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I almost decided against submitting this tip because I lost a couple of the pictures I had planned to use in the article. Then I decided someone may really like and use this tip, even with a missing picture or two.
The above picture appears elsewhere on TF. I used it here to illustrate what lush vegetation can be grown in rain gutters that have a depth and width of a mere 4 inches. Many different plants can be grown in these border gutters, it's just a matter of knowing which plants have a small or shallow root system. In this case, purslane can make rather large plants while maintaining a small root system.
A note on purslane. It is said to do best when grown under hot, dry conditions and in poor soil. I have found this not to be true. Purslane will survive conditions so hot and so dry, most all other plants would perish. This does not mean it prefers and will thrive under these conditions. The above picture is proof. To get this lush growth, the plants were fed regularly and the soil was kept moist at all times. In fact, the growth was almost rampant. I was pruning and removing a 5 gallon bucket of growth at least twice a week.
See picture # 3
The next picture shows the cut out in the lawn that held the gutters. I can't show excavating the cut out as it has already been done. I lifted the gutters from the cut out for a reason and it was then I decided to do this article.
This area was once just a grassy slope. It was difficult to mow and was unsightly. My plan was to add soil to level the lawn and then create a bank of ivy along with a border of flowers. I hauled at least a hundred 5 gallon buckets of soil from a grave yard 200 feet away. I then added 6x6x8 timbers to hold the soil in place. The picture shows I have already sprigged in quite a few ivy plants in the bank to get things started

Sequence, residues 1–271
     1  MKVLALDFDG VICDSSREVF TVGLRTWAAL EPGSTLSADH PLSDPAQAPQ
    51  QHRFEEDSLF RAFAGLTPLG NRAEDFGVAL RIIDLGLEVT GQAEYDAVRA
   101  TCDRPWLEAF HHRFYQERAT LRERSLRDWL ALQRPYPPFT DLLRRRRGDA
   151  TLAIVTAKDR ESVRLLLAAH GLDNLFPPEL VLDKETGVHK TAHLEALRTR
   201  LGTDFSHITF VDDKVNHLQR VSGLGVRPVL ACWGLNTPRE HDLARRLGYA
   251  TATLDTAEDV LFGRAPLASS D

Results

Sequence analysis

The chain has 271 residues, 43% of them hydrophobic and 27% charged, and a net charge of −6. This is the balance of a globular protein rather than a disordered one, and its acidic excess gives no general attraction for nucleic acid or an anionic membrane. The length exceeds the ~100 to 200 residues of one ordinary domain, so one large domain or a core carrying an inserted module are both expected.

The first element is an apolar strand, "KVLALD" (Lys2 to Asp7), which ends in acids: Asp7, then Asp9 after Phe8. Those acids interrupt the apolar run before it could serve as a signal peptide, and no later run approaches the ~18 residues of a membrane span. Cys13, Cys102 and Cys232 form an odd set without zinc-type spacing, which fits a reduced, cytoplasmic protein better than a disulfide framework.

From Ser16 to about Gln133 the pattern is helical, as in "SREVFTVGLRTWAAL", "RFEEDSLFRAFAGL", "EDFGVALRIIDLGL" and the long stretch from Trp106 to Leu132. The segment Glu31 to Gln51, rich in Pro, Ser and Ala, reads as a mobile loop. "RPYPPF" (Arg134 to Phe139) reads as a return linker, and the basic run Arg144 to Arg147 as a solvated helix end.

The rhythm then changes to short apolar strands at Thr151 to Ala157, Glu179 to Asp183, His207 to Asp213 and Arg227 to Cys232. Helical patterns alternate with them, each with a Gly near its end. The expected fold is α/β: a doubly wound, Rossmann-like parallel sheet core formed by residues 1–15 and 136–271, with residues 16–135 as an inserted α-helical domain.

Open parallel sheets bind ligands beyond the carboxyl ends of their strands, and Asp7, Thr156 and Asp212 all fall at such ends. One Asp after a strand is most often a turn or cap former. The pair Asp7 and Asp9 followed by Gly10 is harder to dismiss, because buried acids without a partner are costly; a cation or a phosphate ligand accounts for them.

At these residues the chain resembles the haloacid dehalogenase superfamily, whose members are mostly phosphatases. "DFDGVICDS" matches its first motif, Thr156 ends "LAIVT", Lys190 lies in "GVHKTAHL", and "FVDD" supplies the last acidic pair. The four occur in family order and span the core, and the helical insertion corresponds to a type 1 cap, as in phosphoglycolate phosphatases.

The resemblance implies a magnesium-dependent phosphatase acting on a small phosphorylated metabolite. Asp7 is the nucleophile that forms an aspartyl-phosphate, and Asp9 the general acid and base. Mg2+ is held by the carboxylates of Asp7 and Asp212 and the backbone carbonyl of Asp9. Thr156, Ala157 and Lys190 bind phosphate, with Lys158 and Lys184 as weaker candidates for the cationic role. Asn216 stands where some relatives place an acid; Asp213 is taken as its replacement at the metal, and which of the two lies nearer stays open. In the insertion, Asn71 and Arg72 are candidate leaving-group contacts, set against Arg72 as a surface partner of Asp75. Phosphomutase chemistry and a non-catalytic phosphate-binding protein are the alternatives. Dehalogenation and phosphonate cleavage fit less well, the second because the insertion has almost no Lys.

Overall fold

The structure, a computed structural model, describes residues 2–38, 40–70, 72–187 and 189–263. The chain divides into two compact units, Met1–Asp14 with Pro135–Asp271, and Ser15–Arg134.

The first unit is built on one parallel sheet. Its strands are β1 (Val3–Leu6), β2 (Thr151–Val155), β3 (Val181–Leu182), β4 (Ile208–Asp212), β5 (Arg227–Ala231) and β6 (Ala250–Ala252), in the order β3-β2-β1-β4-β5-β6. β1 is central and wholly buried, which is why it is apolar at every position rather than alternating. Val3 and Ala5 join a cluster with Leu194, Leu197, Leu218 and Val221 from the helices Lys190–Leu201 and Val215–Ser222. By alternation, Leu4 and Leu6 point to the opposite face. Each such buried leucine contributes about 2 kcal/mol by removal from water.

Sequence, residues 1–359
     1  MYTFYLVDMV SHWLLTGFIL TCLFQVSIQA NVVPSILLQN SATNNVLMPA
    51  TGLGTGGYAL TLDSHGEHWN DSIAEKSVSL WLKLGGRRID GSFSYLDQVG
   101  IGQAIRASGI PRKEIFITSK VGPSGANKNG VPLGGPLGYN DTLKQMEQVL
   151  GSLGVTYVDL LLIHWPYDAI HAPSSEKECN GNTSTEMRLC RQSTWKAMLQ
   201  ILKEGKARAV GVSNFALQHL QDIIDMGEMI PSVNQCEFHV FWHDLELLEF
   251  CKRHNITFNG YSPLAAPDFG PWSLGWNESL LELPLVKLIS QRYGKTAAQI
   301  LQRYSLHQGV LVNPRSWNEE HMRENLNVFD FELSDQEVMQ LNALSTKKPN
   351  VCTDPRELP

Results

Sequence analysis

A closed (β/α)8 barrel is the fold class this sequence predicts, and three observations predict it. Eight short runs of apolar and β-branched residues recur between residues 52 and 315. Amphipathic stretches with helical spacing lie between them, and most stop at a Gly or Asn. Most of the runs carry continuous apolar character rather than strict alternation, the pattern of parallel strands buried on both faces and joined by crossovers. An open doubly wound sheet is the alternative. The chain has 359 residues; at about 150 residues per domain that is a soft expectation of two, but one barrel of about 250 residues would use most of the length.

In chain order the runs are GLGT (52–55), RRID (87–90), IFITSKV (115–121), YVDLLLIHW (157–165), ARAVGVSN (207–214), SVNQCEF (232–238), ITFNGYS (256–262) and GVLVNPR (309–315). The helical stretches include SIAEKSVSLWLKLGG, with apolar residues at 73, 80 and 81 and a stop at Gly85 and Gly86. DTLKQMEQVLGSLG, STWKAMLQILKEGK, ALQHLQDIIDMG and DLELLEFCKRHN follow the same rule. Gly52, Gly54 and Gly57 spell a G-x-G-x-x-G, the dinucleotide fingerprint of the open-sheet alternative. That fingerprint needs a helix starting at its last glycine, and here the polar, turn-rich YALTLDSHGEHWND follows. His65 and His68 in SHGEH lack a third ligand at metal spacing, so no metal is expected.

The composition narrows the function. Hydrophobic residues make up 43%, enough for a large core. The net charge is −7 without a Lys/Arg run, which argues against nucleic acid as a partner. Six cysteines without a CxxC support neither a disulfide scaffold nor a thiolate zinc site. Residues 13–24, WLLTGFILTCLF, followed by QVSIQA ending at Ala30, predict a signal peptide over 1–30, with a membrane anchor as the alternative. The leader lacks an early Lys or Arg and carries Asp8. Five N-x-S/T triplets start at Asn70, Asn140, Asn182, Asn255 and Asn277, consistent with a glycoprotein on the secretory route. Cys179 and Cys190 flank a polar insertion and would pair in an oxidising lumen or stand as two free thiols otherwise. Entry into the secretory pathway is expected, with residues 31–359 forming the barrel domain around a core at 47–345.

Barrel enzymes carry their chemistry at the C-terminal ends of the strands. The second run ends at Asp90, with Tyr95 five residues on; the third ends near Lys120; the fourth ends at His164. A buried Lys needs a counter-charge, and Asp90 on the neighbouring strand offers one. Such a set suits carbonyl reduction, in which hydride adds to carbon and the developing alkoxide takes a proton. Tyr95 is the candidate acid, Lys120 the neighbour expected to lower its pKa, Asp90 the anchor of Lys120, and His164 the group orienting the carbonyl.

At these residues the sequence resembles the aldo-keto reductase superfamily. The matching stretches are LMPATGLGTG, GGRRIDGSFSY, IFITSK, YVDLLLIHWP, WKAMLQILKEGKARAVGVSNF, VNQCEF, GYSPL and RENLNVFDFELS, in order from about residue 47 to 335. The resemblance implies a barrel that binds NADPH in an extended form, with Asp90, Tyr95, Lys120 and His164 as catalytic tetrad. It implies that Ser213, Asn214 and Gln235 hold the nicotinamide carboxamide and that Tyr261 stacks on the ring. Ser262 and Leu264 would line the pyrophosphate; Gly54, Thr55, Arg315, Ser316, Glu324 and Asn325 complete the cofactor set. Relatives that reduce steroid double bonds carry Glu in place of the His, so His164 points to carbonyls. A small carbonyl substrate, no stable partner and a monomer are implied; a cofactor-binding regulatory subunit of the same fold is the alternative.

The original cut out was made with a shovel. The finishing touches were made with a hand held hoe. I tried to keep the cut out as straight and as level as possible. I kept a piece of gutter handy to keep a check on my depth and width. The narrow lip of gutter next to the timber fits neatly over the timber. This helps keep things straight and even, too.
My reason for lifting the gutters at this time can be seen in the picture. My lawn is Bermuda grass. With its tendency to spread, it was impossible to keep it from growing up between the double row of gutters. As hard as I tried to keep the gutters so close together no grass could grow through, it managed to do so, anyway.
To solve this problem, I lifted the gutters and laid down a double layer of medium/heavy weight black plastic. The plastic was cut to allow 2-3 inches extra on either side. The plastic works very well. So far it has kept 100% of the grass from coming up between the gutters. I am sorry that one of the pictures I lost was that of the plastic in place.
The gutters I purchased are vinyl. They come in 10 foot sections at less than $5 each. I bought enough to make a double row 50 foot long. I also bought a couple 10 foot sections of electrical conduit and end caps. These were to help keep the gutters straight.